The next morning we set off bright and early for the number one sight in Paris: the Eiffel Tower. It was much colder than we had expected, and while waiting in a rather long line we even had a few flurries of snow. Not cool Paris, not cool. But it’s alright, in true British fashion I bought myself a cup of tea to drink while we waited. I think I’ve been living here too long.
When we finally got to the front of the line, we headed into the elevator shaft and began our journey up.
There are a few levels to the Eiffel Tower and we stopped on each one to take some photos, but it was too cold to hang around long. The tower was absolutely incredible though! I would love to go again on a clearer (and warmer) day because it was absolutely amazing. You don’t realize the sheer size of the thing until you are actually in it, but it’s huge.
We had lunch in the Eiffel Tower café on the second level before heading onto our next stop of the day: a river tour down the Seine. Thankfully the boat was fully enclosed and warm, so not only was it a beautiful and informative trip, but it was a nice escape from the cold. The boat afforded some wonderful views because the walls and ceiling were entirely made of glass!
Once the tour was over we took a short trip on the metro to see one of Paris’s other most famous sights: the Arc de Triomphe.
We then took a walk down one of the most famous streets (with the most expensive real estate in the world) in Paris: the Champs -Elysees.
At the far end of the street is the Obelisk of Luxor, which marks the place where the guillotine once stood during the French Revolution.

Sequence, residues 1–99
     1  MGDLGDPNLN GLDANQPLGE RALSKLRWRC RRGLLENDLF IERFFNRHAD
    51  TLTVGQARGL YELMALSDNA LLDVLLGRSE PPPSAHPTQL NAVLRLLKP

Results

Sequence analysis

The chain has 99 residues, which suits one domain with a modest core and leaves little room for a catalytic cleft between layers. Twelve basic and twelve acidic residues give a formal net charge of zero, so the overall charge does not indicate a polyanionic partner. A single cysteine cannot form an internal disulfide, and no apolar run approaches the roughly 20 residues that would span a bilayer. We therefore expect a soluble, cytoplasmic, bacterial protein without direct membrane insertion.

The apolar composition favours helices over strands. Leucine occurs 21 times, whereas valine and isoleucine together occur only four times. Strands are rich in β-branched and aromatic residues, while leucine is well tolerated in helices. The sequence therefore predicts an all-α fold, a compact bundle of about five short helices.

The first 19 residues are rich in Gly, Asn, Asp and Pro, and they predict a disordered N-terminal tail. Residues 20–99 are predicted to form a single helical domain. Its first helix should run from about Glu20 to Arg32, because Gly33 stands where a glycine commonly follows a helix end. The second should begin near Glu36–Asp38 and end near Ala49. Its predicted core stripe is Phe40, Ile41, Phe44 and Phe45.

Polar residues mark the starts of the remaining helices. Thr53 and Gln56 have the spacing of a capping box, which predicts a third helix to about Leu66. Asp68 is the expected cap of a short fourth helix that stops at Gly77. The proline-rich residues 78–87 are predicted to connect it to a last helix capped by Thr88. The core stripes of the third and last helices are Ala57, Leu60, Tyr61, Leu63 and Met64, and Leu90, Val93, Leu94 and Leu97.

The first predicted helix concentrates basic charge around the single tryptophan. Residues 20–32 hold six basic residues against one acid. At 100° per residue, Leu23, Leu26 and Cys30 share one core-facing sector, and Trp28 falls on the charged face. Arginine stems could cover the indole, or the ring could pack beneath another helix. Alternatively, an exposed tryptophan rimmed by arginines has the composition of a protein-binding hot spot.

We ate dinner down along the Champs-Elysees, and then once it was dark we took the metro back toward the Eiffel Tower. Although we had already “been there and done that,” we had to return to the Eiffel Tower one more time so see it like this:
It was breathtaking. I’ll never forget that metro ride because when we came up onto the bridge crossing the Seine, there it was, quite unexpectedly, just glittering on the other side of the river. Unfortunately we couldn’t get any closer than we did in that picture, because apparently there was a bomb threat that evening. The square around the tower was swarming with police, and there were blockades up and everything. It’s a good thing we had already been up to the top!
The next day was Easter Sunday, so we woke up bright and early (or so we thought…) to go to Easter Mass at Notre Dame. When we got there another mass was already going on, but they held a mass about once an hour, so we simply stuck around and took lots of photos while we waited. It’s a good thing we were there though! There was only a few minutes between masses, so as soon as people started to get up and leave we snagged some seats. After looking at the mass program (and my watch) a bunch of times, I realized that we had completely forgotten about daylight savings time, so we were actually there an hour later than we had expected to be. Instead of getting a French Mass, we got the Latin Mass instead! (Which was totally fine…I mean, at least the Latin was slightly more familiar than the French!) And when mass finally let out, we realized that there was a whole crowd of people outside the church who had been watching it on a big projection screen because they couldn’t get inside. That’s how many people were there. So I think we were pretty lucky, even with our little time mixup!
We went straight from mass to Musee d’Orsay, which is probably my favorite art museum ever because we got to see real paintings by Van Gogh, Degas, Monet, Renoir, and so many others!! I even got a few illegal photos…
After Musee d’Orsay we headed out to Versailles. We got there a little late in the day, but we still got to see the beautiful palace that I have wanted to see since I was a little girl. It was truly glorious.
Overall, I thought Paris was absolutely magnificent. There was something about the city that made me so incredibly happy to be there, and I really want to go back again. I loved the food, the places, the atmosphere . . . But for now it’s au revoir Paris! You won’t be soon forgotten.